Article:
Friday, July 22, 2011

That whole "Aida" thing.

And no,  I’m not talking about my Aunt Ada.  She passed away a few years ago.

OK,  that will be my only attempt at levity.  I promise.

Although,  I have to say,  my Aunt Ada was quite the going concern,  but that might be a topic for another day.

(and this post is about three times longer than my usual snippets,  so just be warned)

So what is it about this “thing” that would entice me to not only drive 700 kilometres,  but to then also sit huddled in the rain,  in order to have this experience?  More on the rain aspect later.  I also promise.

I guess it’s a hard thing to explain.  Have you ever had one of those moments in your life that has left an indelible impression on your memory?   Jean-Paul Sartre was of the opinion that we are a collection of our experiences.   That’s arguably a very simplistic view of something referred to as “existentialism”,  and would be shot down in a heartbeat if I were to ever dare say such a thing in the presence of anyone well versed in the subject.  But it is true,  we are essentially a collection of memories.

You can probably come up with your own examples,   but I’ll just briefly give you a couple of mine.

1) Seeing a drummer like Buddy Rich perform live,  and having the pictures to prove it. 
(on a personal level,  he was apparently a real jerk, but I wasn’t interested in a “meet and greet”)
That guy was awesome!

2) Standing at the end of the runway in Baden-Söllingen,  Germany in the spring of 1979 with my brother Angus,  who was stationed there with the Canadian Air Force, watching CF-104 Starfighters come in….with our fingers firmly planted in our ears.
You’d think that 100 feet is a quite the height,  but it’s really close when it comes to fighter planes overhead.  Trust me.
Won’t forget that ‘till the day I die!

I’m sure I could go on.  Those are a couple examples of events that remain vividly etched into my memory to this day.

Going to the “Arena di Verona” to see a performance of Aida is right up there.

Besides,  it was Travelling Companion’s birthday present!

Of course,  the major difference is,  I’m now a lot older,  and I do tend to forget stuff,  but I’m pretty sure this one is going to stick with me.
I have to say,  and I don’t know exactly why this is,  but I’m not easily impressed.  I might respect someone for working hard and being able to execute the results of their years of study and hard work,  such as the astronauts I mentioned yesterday.  But I don’t really go all “ape shit”  over well,  anything.   I’m not a “fan” of anybody,  even though there have been those people along the way who have impressed me.  Mostly musicians I find.  (it's all that hard work)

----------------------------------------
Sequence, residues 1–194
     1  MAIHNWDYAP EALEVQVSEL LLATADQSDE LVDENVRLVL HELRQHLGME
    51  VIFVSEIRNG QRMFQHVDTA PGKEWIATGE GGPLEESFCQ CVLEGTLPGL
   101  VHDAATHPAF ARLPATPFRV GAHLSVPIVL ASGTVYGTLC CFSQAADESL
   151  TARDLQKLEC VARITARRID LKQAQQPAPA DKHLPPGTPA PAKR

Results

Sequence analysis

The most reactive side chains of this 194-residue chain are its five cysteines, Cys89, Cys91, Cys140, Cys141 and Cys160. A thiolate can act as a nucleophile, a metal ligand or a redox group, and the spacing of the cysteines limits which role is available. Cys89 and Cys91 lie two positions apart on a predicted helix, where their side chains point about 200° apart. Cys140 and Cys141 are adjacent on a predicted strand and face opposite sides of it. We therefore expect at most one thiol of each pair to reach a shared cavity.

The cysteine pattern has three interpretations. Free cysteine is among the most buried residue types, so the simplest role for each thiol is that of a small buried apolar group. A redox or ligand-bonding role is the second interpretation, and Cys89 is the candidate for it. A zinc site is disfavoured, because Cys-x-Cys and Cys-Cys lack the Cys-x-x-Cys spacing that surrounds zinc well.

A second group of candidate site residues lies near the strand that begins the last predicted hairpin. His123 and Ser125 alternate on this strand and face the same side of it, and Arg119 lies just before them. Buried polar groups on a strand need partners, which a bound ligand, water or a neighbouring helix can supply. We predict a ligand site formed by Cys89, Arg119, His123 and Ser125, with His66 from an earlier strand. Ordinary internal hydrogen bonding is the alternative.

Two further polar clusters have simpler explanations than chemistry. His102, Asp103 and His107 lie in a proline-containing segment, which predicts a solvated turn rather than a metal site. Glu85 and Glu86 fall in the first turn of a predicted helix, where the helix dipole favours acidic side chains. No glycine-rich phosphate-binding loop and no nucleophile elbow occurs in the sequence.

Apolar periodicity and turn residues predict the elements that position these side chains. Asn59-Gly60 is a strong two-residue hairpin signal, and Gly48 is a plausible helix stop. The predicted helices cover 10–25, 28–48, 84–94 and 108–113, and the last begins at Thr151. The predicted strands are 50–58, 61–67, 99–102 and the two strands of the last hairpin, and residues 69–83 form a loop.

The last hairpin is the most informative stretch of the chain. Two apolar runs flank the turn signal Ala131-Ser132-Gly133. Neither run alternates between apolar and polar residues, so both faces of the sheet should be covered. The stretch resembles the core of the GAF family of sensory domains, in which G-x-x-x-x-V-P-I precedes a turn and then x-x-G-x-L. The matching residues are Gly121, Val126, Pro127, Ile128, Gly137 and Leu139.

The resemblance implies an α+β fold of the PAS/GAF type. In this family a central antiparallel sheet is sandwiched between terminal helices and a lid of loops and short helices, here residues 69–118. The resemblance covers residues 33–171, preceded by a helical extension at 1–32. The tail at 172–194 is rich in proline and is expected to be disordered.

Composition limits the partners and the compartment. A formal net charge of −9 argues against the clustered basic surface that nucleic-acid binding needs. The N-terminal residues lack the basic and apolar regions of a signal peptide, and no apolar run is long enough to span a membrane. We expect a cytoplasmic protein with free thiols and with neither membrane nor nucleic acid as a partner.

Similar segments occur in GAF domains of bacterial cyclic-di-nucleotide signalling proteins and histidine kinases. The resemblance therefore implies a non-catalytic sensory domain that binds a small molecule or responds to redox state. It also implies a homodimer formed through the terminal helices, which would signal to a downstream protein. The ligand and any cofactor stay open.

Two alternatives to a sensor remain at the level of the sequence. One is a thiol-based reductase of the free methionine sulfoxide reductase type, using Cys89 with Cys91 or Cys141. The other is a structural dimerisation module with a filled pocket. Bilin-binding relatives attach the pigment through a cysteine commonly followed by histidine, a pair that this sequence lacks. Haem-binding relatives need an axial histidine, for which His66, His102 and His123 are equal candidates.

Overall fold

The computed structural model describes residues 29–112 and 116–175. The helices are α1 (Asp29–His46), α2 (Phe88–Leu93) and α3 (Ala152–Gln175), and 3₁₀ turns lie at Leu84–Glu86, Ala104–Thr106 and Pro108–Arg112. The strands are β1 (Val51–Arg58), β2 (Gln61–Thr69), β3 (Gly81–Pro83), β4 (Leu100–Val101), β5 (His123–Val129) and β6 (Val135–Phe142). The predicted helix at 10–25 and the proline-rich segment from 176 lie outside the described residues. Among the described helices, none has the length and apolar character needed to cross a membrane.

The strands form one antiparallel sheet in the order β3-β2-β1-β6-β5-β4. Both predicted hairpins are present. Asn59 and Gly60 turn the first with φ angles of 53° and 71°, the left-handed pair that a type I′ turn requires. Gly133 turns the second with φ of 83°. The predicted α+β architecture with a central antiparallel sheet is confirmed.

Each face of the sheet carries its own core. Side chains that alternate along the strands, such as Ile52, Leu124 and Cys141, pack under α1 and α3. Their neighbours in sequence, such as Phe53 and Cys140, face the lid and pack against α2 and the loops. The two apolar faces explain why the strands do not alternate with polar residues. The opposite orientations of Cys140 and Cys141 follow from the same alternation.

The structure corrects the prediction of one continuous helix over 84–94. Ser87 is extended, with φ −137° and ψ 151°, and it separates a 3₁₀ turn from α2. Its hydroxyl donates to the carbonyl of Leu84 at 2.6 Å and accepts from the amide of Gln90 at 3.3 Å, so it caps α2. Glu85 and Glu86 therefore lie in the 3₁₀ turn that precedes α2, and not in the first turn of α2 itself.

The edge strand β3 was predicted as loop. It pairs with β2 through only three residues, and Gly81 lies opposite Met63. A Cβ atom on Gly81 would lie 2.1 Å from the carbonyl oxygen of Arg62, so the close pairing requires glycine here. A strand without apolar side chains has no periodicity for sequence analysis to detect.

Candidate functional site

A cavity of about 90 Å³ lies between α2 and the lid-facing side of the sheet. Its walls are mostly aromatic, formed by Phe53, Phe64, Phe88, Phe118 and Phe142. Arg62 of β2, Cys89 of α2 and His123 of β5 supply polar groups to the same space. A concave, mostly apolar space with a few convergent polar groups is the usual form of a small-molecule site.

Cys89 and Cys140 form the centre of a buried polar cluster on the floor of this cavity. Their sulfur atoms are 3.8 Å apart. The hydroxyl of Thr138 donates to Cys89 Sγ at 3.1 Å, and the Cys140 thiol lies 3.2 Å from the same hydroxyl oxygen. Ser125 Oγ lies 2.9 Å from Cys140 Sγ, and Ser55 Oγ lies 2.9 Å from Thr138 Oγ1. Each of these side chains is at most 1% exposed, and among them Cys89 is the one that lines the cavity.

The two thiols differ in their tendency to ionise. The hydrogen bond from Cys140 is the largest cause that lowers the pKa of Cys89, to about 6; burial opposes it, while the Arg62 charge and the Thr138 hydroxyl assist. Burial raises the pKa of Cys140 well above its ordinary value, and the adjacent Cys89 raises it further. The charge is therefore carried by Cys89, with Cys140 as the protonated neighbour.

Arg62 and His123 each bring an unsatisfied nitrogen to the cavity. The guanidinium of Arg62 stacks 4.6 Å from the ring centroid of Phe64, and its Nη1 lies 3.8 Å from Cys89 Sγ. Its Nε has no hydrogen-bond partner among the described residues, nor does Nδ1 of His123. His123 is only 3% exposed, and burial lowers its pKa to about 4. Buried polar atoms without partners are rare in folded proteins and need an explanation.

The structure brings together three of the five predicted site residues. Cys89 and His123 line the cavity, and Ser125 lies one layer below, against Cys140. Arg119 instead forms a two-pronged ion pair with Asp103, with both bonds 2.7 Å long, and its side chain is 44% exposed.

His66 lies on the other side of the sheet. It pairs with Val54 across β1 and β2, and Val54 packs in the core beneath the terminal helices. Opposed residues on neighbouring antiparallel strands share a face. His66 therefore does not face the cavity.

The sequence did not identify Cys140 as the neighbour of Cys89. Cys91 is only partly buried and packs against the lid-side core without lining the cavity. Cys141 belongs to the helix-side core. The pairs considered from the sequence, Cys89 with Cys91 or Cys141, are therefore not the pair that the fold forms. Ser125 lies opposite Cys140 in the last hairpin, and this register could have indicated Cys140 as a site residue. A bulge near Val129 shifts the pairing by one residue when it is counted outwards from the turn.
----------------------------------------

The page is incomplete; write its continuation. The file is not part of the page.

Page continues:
We’ve been to a few operas here in Vienna,  and we’ve even had occasion to check out the Canadian Opera Company going back as far as 1992.   But having said that,  I’m really not a huge fan.   I’m a simple enough guy,  that I do need to be “entertained”,  which is why the only operas we’ve seen so far usually have at least a few good “tunes” in them.   With the Canadian Opera Company,  it was Carmen.  If you ever get a chance,  go see it.  The music is wonderful.  Here in Vienna,  if you don’t go to at least one opera,  or even an operetta,  you’re just a fool.  Sorry.  That’s like driving to Kingman, Arizona and then not wanting to take a detour to see the Grand Canyon.   Are you kidding me?

So even if you’re not an Opera fan,  and thankfully not everyone is,  or we’d never get decent seats, if you’ve EVER been to a high school or University/College graduation,  you have quite likely heard parts of this opera!   I’m not kidding.  (whether you knew it or not!!)

Just as a side note,  back in May of ‘03,  we were lucky enough to get invited to the graduation of one of the brothers of a friend,  and during the ceremony,  the band played the processional 17 times!   After the third time,  I decided to start counting,  since this was the graduating class from Annapolis,  (otherwise known as the US Naval Academy) and there were some 950 graduates!  They started out with 1000,  but a few of them fell by the wayside.  It happens.

So I’ve included a link to something on YouTube,  where this “Triumphant March” is being played.  The sound quality is kind of sketchy,  but I’m sure you’ll recognise this tune.
The link also opens in a new window,  so you can bail out if you so choose.

The performance at the arena doesn’t start until some time after nine p.m.,  since it really needs to be dark outside for the proper effect.
We already had our tickets,  and had found a suitable place to have dinner,  and still had a bit of time to kill waiting to get in.

Took them a little while to find someone with a key to open our gate.  Honestly,  this was the same deal as in St. Peter’s Square in Rome.  They’ve been doing this for decades,  and they’re still disorganised! 
Even though I didn’t get to choose the exact seats when I purchased them on line,  we had pretty damned good seats,  being as we were in row five.   That was the other reason that our gate wasn’t open just yet,  and that is that the advise is,  if you’re to be up on the slabs,  you need to get there early to get a good seat,  since it’s a free for all.   This was a “once in a life time”, so that whole scene didn’t interest us in the least.

A couple shots taken from our seats:

This is what I mean by “slabs”.
Some of the lower ones that were "assigned seating"  had seat inserts.